What is the biggest deterrent to economic development in Northwest Indiana?
Taxes? Crime? A poor transportation system? The lack of a single, strong leader?
None of the above. At least that is what Thomas M. McDermott, the former Hammond mayor, told me when he was president of the Northwest Indiana Forum Inc. – the organization whose mission is economic development.
McDermott said public corruption was the region’s biggest problem. He suggested too many people had their hands out when a company was looking to relocate here.
Things are better today, but far from perfect. That’s why the work of the Shared Ethics Advisory Commission is so important.
Cal Bellamy, the former chairman of Bank Calumet and now a partner with the Krieg DeVault law firm, heads the commission.
Bellamy has been at it for several years and reports that Crown Point, Dyer, East Chicago, Highland, Munster, Schererville, Whiting, Hobart, Lowell and LaPorte County are commission members.
Apparently those folks in Porter County think they are holier than thou. Not one political entity there is a commission member.
And half of Lake County is sitting on the sidelines.
What’s with Hammond Mayor Thomas M. McDermott Jr., the son of the man who talked about corruption?
Gary is talking about getting in. Let’s get with it. This isn’t rocket science.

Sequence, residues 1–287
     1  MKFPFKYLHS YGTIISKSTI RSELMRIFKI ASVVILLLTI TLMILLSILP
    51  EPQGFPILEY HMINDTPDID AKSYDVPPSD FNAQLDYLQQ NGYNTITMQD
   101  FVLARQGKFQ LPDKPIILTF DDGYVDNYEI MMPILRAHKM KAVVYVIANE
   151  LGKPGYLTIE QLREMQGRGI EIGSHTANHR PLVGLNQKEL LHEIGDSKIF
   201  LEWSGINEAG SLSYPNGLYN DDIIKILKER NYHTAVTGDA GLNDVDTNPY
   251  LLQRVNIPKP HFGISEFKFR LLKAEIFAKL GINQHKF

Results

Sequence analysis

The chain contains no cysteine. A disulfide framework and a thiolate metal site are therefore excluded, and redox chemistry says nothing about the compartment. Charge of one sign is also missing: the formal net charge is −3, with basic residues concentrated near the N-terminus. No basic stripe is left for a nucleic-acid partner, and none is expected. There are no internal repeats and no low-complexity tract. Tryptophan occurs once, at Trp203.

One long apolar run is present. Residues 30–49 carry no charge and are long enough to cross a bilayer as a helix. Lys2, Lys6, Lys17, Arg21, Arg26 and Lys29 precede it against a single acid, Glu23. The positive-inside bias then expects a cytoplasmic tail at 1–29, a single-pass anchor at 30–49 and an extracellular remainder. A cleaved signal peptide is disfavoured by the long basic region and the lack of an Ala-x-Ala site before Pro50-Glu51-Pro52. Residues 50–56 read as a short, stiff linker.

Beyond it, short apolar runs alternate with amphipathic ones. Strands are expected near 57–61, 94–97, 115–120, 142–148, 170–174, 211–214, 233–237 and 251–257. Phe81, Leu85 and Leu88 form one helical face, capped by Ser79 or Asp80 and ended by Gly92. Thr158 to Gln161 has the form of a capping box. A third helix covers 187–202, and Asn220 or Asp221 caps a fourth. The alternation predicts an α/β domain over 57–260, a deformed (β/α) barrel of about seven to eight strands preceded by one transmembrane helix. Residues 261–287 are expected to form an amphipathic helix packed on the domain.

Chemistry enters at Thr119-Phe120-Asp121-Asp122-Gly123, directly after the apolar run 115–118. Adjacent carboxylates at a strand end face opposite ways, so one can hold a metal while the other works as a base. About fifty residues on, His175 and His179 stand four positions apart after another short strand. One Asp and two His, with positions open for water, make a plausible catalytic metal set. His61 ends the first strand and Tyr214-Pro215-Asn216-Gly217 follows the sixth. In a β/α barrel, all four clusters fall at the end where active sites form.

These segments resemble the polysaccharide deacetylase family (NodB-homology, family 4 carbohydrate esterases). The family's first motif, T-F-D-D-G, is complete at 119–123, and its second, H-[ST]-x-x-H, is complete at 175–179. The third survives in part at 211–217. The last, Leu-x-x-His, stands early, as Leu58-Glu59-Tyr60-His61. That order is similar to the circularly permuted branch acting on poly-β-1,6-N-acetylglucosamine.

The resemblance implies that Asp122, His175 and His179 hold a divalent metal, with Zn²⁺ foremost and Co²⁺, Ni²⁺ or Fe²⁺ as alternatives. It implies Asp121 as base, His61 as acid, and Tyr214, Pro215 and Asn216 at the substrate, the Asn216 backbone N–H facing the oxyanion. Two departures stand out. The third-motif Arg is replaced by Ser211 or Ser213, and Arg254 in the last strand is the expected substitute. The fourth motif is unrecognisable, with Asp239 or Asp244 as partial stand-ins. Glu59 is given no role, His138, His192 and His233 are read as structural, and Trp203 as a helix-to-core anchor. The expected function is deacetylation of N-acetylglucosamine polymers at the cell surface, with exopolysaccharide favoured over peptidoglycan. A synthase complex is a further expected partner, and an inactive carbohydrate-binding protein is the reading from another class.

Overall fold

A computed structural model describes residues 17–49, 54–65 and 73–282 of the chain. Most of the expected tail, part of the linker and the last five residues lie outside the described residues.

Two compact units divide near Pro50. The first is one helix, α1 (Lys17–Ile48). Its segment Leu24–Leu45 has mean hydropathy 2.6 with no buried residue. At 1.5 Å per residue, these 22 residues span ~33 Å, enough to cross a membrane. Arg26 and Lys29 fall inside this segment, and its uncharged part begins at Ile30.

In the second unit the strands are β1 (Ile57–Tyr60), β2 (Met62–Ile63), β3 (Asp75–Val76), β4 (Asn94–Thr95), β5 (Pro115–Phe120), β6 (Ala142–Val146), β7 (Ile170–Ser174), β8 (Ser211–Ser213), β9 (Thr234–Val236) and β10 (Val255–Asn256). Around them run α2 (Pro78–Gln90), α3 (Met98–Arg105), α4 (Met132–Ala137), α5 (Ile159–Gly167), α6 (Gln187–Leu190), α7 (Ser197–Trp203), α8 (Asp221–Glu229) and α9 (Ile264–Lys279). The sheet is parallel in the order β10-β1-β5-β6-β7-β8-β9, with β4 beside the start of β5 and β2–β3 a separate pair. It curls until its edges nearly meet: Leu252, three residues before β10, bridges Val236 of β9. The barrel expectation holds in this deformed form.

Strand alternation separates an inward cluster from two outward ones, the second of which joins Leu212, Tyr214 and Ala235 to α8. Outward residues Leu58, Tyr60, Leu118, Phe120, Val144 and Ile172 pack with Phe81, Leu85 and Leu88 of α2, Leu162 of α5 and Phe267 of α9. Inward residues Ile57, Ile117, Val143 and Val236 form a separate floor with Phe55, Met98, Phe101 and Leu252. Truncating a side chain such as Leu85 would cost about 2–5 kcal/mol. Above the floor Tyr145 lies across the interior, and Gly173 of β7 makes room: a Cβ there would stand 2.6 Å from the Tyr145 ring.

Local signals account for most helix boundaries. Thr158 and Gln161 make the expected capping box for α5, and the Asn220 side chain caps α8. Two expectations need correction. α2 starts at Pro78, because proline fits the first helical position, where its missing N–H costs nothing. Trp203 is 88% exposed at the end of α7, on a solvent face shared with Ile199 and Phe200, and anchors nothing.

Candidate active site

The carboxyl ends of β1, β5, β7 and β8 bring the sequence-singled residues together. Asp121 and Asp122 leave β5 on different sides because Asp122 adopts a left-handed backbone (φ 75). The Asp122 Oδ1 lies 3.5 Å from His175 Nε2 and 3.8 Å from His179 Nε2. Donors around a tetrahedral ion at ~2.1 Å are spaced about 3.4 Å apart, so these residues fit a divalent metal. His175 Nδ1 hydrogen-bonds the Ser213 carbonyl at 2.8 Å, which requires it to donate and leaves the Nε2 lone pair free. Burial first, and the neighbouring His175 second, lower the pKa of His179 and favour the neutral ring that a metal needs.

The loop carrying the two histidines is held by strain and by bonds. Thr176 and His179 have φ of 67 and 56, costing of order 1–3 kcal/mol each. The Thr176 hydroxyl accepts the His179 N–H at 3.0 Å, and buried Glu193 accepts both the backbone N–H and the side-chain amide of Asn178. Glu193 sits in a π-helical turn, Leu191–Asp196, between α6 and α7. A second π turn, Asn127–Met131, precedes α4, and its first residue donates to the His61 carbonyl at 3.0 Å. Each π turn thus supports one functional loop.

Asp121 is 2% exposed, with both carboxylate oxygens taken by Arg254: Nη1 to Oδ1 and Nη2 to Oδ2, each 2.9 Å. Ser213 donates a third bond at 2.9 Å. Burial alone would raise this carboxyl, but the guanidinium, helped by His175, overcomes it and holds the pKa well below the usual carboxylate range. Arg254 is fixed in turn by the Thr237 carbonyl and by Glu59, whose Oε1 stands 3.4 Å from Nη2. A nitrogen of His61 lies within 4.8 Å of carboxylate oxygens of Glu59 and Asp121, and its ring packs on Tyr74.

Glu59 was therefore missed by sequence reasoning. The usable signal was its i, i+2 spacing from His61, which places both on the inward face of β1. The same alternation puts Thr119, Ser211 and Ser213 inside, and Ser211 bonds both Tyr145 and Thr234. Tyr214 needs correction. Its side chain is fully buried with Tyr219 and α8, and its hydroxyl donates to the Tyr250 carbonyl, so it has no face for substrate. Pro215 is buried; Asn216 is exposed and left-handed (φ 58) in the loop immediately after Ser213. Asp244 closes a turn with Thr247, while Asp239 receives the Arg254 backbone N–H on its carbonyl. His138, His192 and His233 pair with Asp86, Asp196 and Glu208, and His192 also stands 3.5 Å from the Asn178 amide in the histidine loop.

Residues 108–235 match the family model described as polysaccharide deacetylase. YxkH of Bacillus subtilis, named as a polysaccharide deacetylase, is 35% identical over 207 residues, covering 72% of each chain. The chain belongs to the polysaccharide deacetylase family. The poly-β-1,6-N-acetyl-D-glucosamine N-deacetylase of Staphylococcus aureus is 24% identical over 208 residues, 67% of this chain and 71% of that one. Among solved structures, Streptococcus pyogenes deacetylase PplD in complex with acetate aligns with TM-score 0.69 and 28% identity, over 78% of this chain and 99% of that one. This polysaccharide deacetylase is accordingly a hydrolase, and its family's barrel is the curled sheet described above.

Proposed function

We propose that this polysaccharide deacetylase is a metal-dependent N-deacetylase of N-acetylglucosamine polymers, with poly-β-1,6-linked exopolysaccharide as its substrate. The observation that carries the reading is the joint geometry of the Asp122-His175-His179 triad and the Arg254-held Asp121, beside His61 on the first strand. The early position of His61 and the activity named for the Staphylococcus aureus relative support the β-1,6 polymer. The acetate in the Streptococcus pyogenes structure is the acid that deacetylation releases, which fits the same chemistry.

And what about Griffith, St. John, Cedar Lake, Lake Station and Merrillville? Are they beyond reproach?
If anyone should be a member, it is Lake County government, which has its own wing at the federal prison in southeast Wisconsin.
Lake County voted to join a good while back but held up when its lawyers haggled about wording in the Code of Shared Ethics and Values. Gerry Scheub, the dean of the county commissioners, ought to be ashamed.
The most interesting response came from a New Chicago official who said the town wouldn’t be joining because it only hires people with common sense.
What can you say about New Chicago? During the federal trial of its police chief years back, U.S. District Judge Michael Kanne called the town the “most corrupt square mile in America.”
But what about common sense?
While some think common sense is running rampant in Northwest Indiana, Bellamy differs.
Bellamy, a short time back, told me, “Of course, common sense is not really so common and (besides) common sense doesn’t cover all the shades of gray that municipal employees face in everyday circumstances.”
Ethics, which ought to be a byproduct of common sense, seemingly ought to be innate.
Nope, says Bellamy, it is a learned skill.
Those not part of the Ethics Advisory Commission have a lot of learning to do or, God forbid, take the risk of becoming another New Chicago.